Marketing Matters: History of web3 

Web3 aims to decentralize the Internet and give users more control over their online data and interactions. This includes technologies like blockchain, distributed ledgers, peer-to-peer networks, NFTs, DAOs, and much more! Nowadays, there’s a dupe for most apps, social networks, and online services of the Web2 on Web3. Moreover, giants like Facebook have already begun their transition to Web3, like rebranding into Meta and launching the Metaverse. 

But what led to the creation of Web3? 


In the 1990s, questions like “What is a dot com?” and “Do we need a website?” signified the birth of the Web1 era.

Web1, known as the “read-only web,” marked the Internet’s infancy, where users consumed static information on webpages. The brainchild of Tim Berners-Lee in 1989 it was all about making information accessible to the masses.  

Berners-Lee pioneered the Internet’s early development in 1990 as a computer scientist at European researcher CERN. By October 1990, he had written the fundamental technologies that became the foundation of the web, including the very first webpage editor/browser (, HTML, URI (URL), and HTTP.

The first website in history was created in 1991. You can still view it online today. 

By the mid-1990s, the introduction of web browsers such as Netscape Navigator ushered in the era of Web 1.0. This was the age of static web pages retrieved from servers—a far cry from the slick content that is taken for granted today.

The Web1 phase was geared toward publishing information and making it available to as many people as possible.


Information architecture consultant Darcy DiNucci coined the term Web 2.0 in 1999 to differentiate the post-dot-com bubble. In 2004, O’Reilly Media popularized it at the Web 2.0 Conference.

The “read-write web.” allowed users to interact, create, and share content. Facebook, WordPress, and other self-publishing platforms gained popularity during this period. Users started generating their own content instead of simply consuming the information in front of them. Marketers’ questions shifted to “What is social media?” and “Do we need a Facebook page?”. 

Web2 wasn’t just about interaction; it was about centralization. Companies like Apple, Amazon, and Google began to consolidate vast amounts of data, gaining unparalleled influence and valuation in the process.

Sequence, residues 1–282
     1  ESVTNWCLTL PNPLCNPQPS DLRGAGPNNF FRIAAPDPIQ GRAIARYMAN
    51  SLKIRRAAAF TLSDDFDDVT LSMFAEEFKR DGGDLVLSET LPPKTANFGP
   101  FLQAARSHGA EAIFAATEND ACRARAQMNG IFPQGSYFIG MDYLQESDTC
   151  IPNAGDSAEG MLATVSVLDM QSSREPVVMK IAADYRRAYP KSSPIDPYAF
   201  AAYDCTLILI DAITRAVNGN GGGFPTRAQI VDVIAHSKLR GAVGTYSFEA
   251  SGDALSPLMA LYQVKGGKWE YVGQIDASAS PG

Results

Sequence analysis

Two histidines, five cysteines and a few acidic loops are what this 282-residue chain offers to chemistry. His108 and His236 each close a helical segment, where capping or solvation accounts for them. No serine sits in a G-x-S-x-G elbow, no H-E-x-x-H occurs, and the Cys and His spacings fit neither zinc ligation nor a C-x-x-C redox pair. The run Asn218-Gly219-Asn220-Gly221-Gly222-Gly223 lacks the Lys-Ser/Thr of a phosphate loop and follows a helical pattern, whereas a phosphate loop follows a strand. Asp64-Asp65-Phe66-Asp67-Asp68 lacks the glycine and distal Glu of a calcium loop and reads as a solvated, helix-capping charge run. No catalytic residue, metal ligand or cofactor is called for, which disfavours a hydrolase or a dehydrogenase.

The exponential growth of Web2  has been driven by key innovations such as mobile internet access and social networks, as well as the near-ubiquity of powerful mobile devices.

This is the Internet that all of us use nowadays. 


As we approached the 2020s, a new wave, Web3 or the “read-write-interact web,” emerged.  The term Web3 was first used back in 2014 by Ethereum co-founder Gavin Wood.

This era’s discourse is dominated by terms like NFTs, DAOs, and tokenization. Web3 promises a decentralized Internet where users regain control over their data and assets. Blockchain, distributed ledgers, and peer-to-peer networks form its backbone.

A defining feature of Web3 is decentralization, which is breaking the chains of central authority. It means that information can be stored in multiple locations simultaneously, dismantling the giant databases held by Internet behemoths like Google and Meta. Moreover, technologies such as artificial intelligence and machine learning play a significant role in Web3, reshaping content curation and user interactions.

The Web3 era is set to change the game for digital marketers. The old ways of data collection and personalized content delivery may become obsolete, with users having a more significant say over their personal data. Digital marketers must pivot and innovate to effectively target consumers without infringing on their privacy.

The potential of Web3 extends beyond decentralized data and advanced machine learning. With its foundation in trustless and permissionless systems, we’re looking at a future where interactions are not just between humans but also with intelligent bots and algorithms. 

However, like all technological advances, Web3 comes with its challenges. A decentralized structure can make regulating content and cybercrime a complex affair. The question of which nation’s laws would apply to content hosted across the globe still needs to be answered.

Web3 Affiliate Marketing 

The rise of Web3 affiliate programs introduces new avenues for marketers. This new internet era promises to change the affiliate industry as we know it.

Web3 technologies provide more transparency and accountability. They allow for decentralized and secure tracking systems that enable marketers to only pay for genuine leads and sales. This ensures fair rewards for affiliates and enhances trust.

It will also allow media buyers to track the performance of their marketing campaigns in real-time using decentralized networks. Unlike traditional systems, where data might not be comprehensive or up-to-date, decentralized networks empower affiliates to make informed decisions quickly.

The rise of smart contracts in a Web3 context can automate the tracking and payment of commissions. When a sale is made through an affiliate’s link, the smart contract triggers automatically, verifying the sale and sending the commission to the affiliate’s digital wallet, thus eliminating manual errors and saving time.

It will also facilitate faster and cheaper transactions using cryptocurrencies. These decentralized payment systems could enable affiliates and advertisers to easily make cross-border payments, reducing transaction costs and making it easier for global marketing campaigns.

As we transition from Web2 to Web3, we stand at the cusp of another digital revolution. The journey from Web1 to Web3 shows how rapidly technology has evolved and how essential it is to adapt.

Keitaro Team

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